The quality of a survey depends on the accuracy of the instruments and the experience, reliability and competence of the surveyor. The instruments of that day (probably only a magnetic compass, a simple device to read vertical angles, and surveyor's chain) were obviously more primitive than today's electronic equipment, which will measure lengths to a small fraction of a foot and angles to a small fraction of a degree. Additionally, surveyors of that period had to make mathematical calculations using tables of logarithms, a tedious and laborious process, resulting in many opportunities for error. It would not be surprising to find some of these surveyors taking mathematical "short cuts" or making approximations of distance and bearing while performing surveys for a largely uneducated public. I'm sure it never occurred to the surveyor, Robert Rutherford, that his work would be reviewed by someone two hundred and thirty six years later.
Out of curiosity, I calculated the area of the grant. It is noted that one pole equals 16 1/2 feet, and the terms "pole", "perch" and "rod" are interchangeable. One acre equals 43,560 square feet. The calculations result in an area of 218.97 acres, a sizeable difference (11 percent less) from the 246 acres cited in the land grand document. Because John Yoho paid Lord Fairfax the fee rent of "one shilling sterling money for every fifty acres of land hereby granted and so proportionable for a greater or lesser quantity", he appears to have been taken on this particular land transaction.
By February, 2002 I had received the maps from the U.S. Geological Survey and the surveys for the three Thomas Perry properties. It was immediately obvious that the survey for property number 3 was the parcel that adjoined John Yoho's land.. I attempted to interpret all the information in the survey an then drew a sketch of the two properties along with their relationships to Cedar Creek (Appendix K). Of great interest was the statement in the survey saying this land is on a branch of Cedar Creek that drains from Littles Gap. The wording in a related document, directing the surveyor, Robert Rutherford, to survey the Thomas Perry property, indicates the mouth of this branch lies within the bounds of the property. However, I was unable to find the name, Littles Gap, on the U.S.G.S. maps.
Using a "to scale" transparency showing both properties, I once again tried to find a good fit of the parcels and their descriptions with actual map locations along Cedar Creek and its adjacent terrain from its source just north of a saddle connecting Little North Mountain and Little Sluice Mountain to its outlet into the North Fork of the Shenandoah River near Strasburg. On the U.S.G.S. map titled, Woodstock, I found a location, in what is now Shenandoah County (In 1772 Dunmore County was formed from Frederick County, and in 1777 Dunmore county was renamed Shenandoah County), westerly of little North Mountain near the Cedar Creek Church, at the junction of State Routes 600 and 713, that seemed to satisfy almost every condition stated in the two property surveys. Here, two northerly flowing streams, tributary to Cedar Creek, cross the suspected location of the John Yoho and Thomas Perry properties, and it seemed that either one could qualify as the "branch of Cedar Creek that Draines Littles Gap".. At this point I wrote letters to St. Vincent Luthern Church and St. Peter's Luthern Church, both located in Toms Brook, Virginia and not too far distant from the suspected property location, requesting assistance in locating Littles Gap. I did not mention Sheffer Gap in those letters because I had not yet noticed it on the map. I also wrote to the Virginia State Library and the Shenandoah County Library, this time mentioning Sheffer Gap, with a similar request.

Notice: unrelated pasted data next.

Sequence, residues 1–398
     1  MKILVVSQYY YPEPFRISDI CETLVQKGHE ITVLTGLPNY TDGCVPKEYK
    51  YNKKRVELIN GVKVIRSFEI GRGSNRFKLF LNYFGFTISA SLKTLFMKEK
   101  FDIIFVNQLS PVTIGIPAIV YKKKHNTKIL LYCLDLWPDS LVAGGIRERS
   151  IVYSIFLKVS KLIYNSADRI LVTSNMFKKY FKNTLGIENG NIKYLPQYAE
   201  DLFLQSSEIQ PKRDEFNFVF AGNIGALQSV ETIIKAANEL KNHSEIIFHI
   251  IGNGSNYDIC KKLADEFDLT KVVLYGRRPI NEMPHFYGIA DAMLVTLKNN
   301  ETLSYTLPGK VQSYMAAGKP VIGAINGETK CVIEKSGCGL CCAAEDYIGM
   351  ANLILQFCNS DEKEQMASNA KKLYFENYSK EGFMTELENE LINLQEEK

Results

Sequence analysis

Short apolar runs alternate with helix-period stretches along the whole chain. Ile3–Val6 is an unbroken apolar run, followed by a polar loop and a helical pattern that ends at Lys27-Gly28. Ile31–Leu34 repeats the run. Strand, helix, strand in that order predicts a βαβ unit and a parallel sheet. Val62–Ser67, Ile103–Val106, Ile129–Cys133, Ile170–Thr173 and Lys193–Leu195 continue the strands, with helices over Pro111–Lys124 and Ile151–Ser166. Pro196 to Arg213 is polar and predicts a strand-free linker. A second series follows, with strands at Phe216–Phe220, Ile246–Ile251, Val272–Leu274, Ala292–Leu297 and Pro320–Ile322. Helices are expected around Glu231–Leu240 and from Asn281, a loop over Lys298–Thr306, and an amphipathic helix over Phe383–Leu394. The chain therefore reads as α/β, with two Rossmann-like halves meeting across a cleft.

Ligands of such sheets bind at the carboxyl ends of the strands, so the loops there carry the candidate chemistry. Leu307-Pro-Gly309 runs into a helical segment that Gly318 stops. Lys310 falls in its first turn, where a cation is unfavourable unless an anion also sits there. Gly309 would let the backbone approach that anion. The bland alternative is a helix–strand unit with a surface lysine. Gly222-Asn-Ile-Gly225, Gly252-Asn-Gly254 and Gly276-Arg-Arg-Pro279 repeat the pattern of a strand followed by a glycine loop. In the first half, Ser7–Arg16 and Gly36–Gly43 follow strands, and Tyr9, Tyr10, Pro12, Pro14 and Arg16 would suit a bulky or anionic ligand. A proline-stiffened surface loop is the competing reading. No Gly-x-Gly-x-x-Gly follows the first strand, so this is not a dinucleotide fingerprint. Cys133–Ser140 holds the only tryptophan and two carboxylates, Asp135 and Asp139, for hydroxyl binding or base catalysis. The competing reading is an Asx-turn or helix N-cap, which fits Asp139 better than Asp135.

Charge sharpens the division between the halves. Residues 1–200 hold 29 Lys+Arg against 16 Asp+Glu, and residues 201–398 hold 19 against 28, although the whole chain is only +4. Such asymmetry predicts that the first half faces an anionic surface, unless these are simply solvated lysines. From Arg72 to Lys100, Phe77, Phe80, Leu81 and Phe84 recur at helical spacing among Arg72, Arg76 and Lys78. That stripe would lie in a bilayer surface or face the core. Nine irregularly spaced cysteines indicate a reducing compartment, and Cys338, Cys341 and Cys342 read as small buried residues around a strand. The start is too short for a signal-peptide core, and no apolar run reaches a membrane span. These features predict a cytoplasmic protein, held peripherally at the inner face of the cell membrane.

By late March 2002, I had still not received any information regarding the location of Lttles Gap. Neither the Library of Virginia, the Shenandoah County Library, nor St. Peter's Luthern Church had information regarding this landmark, but all three agreed that geographical names were often changed as land passed from one family to another. I therefore decided to conclude my search by showing on the U.S.G.S. map titled, Woodstock, a location I very strongly feel is the site of the John Yoho land grant (Appendix P).
Incidently, while waiting for information on Littles Gap, I found in the book, Pioneers of Old Frederick County Virginia by Cecil O'Dell, reference to a 1755 will witnessed by John Tipton and Johah Little.. Now, a John Tipton was named in the Thomas Perry Survey and was also a chainman on that survey, which refers to Littles Gap. Is there a connection between Johah Little's family and Littles Gap? Did John Tipton suggest to his boss on the survey party, Robert Rutherford, "Hey Bob, why don't we name that low point through the mountsins beyond the headwaters of this branch of Cedar Creek 'Littles Gap' after my good buddy Johan Little?". Or perhaps someone in the survey party said, "Why don't we call that gap up there 'Littles Gap' because its located near Little North Mountain?" These are questions I, of course can't answer.